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August § The Common Test / 2016-02-16 21:04:46
Robin § Unforgotten / 2016-01-08 21:19:16
MsFitNZ § Towards A Theory of Secondary Literacy / 2015-11-03 21:23:21
Jon Schultz § Bless the toolmakers / 2015-05-04 18:39:56
Jon Schultz § Bless the toolmakers / 2015-05-04 16:32:50
Matt § A leaky rocketship / 2014-11-05 01:49:12
Greg Linch § A leaky rocketship / 2014-11-04 18:05:52
Robin § A leaky rocketship / 2014-11-04 05:11:02
P. Renaud § A leaky rocketship / 2014-11-04 04:13:09
Jay H § Matching cuts / 2014-10-02 02:41:13

Ai Weiwei and the Nightmare City
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Ai Weiwei on Beijing:

There are positives to Beijing. People still give birth to babies. There are a few nice parks. Last week I walked in one, and a few people came up to me and gave me a thumbs up or patted me on the shoulder. Why do they have to do that in such a secretive way? No one is willing to speak out. What are they waiting for? They always tell me, “Weiwei, leave the nation, please.” Or “Live longer and watch them die.” Either leave, or be patient and watch how they die. I really don’t know what I’m going to do.

Via Noteworthy and Not.

5 comments

Such a powerful essay, and nice pull-quoting (as always). I liked:

You don’t see yourself as part of the city—there are no places that you relate to, that you love to go. No corner, no area touched by a certain kind of light. You have no memory of any material, texture, shape.

It’s interesting to really think about how the historical conception of the city as something one really identifies with and yearns for (whether that city is Paris, New York, or San Francisco) falls apart in Beijing, and that this hollowness isn’t just a problem for its artistic inhabitants but a disappointing, symptomatic loss. They can tell something’s deeply wrong, in other words, because they don’t have those warm-fuzzies for their city.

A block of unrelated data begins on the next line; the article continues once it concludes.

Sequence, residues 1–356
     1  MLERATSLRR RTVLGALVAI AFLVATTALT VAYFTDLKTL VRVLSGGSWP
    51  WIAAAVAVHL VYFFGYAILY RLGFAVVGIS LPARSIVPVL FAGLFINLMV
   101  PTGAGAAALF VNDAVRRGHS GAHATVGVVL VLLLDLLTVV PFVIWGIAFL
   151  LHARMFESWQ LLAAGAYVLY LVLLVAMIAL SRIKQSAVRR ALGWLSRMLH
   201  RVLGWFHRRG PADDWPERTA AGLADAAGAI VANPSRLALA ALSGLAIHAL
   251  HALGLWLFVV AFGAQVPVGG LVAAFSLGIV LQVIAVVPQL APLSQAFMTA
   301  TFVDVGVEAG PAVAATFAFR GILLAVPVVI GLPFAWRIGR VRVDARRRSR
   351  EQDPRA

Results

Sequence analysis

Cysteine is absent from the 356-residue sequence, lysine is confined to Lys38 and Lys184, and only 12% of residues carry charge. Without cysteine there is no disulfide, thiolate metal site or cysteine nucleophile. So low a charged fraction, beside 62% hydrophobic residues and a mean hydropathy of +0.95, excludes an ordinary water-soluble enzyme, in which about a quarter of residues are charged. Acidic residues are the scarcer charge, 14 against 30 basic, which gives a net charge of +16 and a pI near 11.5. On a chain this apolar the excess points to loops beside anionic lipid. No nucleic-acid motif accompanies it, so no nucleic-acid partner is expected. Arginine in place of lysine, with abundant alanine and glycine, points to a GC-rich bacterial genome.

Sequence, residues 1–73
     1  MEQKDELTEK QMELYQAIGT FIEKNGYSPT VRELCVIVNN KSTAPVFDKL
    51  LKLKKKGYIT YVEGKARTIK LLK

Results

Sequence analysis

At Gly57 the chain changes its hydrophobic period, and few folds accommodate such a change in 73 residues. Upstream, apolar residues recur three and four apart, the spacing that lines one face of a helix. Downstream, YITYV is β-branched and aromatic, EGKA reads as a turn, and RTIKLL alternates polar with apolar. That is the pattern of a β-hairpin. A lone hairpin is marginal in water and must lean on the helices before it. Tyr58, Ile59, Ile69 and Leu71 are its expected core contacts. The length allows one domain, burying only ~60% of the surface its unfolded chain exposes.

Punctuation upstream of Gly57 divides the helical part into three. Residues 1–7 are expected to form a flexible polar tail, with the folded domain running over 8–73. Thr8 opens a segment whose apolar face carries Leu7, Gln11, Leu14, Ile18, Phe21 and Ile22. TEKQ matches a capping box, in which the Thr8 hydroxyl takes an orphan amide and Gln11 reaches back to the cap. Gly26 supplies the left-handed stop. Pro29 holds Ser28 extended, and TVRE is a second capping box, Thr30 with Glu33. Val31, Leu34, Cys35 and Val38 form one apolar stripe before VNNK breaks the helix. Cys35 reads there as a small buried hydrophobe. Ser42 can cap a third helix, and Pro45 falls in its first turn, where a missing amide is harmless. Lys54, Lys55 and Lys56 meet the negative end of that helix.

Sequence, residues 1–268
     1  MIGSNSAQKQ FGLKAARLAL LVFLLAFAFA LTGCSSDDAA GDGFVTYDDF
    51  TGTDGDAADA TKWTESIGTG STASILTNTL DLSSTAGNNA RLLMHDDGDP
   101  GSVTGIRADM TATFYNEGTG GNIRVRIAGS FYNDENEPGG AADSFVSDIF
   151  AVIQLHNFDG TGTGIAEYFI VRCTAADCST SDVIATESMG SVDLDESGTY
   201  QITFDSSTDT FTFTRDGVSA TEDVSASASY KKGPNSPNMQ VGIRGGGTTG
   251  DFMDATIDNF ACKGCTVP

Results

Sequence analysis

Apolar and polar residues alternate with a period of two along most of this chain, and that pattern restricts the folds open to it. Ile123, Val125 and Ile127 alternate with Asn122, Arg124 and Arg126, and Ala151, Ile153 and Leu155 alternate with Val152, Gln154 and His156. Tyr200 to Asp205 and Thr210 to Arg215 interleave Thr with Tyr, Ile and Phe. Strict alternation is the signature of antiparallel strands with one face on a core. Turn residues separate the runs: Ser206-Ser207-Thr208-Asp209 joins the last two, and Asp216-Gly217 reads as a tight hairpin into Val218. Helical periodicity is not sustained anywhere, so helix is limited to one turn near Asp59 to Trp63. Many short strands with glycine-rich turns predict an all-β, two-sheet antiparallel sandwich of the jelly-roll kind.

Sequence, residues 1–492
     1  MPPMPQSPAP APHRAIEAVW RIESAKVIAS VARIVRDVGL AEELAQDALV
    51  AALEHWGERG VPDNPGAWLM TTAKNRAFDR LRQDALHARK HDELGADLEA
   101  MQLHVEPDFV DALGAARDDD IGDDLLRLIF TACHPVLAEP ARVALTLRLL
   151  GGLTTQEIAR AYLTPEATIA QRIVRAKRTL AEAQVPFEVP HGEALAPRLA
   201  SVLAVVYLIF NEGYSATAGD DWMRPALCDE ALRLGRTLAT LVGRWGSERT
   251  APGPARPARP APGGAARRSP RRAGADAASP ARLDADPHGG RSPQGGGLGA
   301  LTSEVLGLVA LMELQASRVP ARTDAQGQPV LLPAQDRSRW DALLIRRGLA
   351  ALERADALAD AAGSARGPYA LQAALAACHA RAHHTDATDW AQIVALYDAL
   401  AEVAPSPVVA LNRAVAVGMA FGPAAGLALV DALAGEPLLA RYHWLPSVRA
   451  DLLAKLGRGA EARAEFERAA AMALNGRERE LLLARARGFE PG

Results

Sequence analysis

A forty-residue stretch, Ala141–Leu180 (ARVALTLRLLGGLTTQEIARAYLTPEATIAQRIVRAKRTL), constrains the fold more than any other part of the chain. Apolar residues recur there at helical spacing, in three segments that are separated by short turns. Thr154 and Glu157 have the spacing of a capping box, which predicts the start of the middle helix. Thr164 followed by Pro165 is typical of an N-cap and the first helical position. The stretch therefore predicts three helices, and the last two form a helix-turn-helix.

But here’s a question: this is a story about a “nightmare city,” and Weiwei’s voice is simple, determined, and plodding in the way real-life horror is plodding. Is that a stylistic choice he made? Is that what his English-language writing sounds like? Or is (and I know Sapir-Whorf is massively problematic, and untrue in all sorts of ways, but) that some function of how general prose writing works in Mandarin?

(Or! Is it a move to position himself in the line of stylistically simple but spiritually deep Chinese writers, like Lao Tzu?)

Not sure anyone can answer that, but I wanted to toss it out.

pon says…

you should visit and find out for yourself…

I hope to! I’m wondering more about style here, though.

I wonder what the natural life is like in Beijing. One of the things that made SF really feel like home to me was that all along my commute (walking to Muni or biking) were trees and shrubs that I recognized and knew a little this-or-that about.

This was never realized in my year living in Brooklyn. Many factors involved: fewer trees, working from home, less diversity and (at least less accessible) natural history.

In San Diego I drive almost everywhere, so this is pretty much a non-starter. On those rare days I manage to ride in it is great to smell the pines and (invasive though they may be) gum trees up through the reserve. But the most familiar thing on my average commute are the drivers I have a feeling I recognize, especially the aggressive Porche Cayenne.

LA has lots of urban trees and shrubs, and they are starting to feel more familiar. But things are so wild and exotic here I feel like I’m in a jungle or an exotic garden a lot of the time. Maybe it is growing on me though.

(Cambridge also never got there for me. I put this down 20% to being young and in too much of a rush and 80% down to needing corrective lenses for 4 years without realizing it.)

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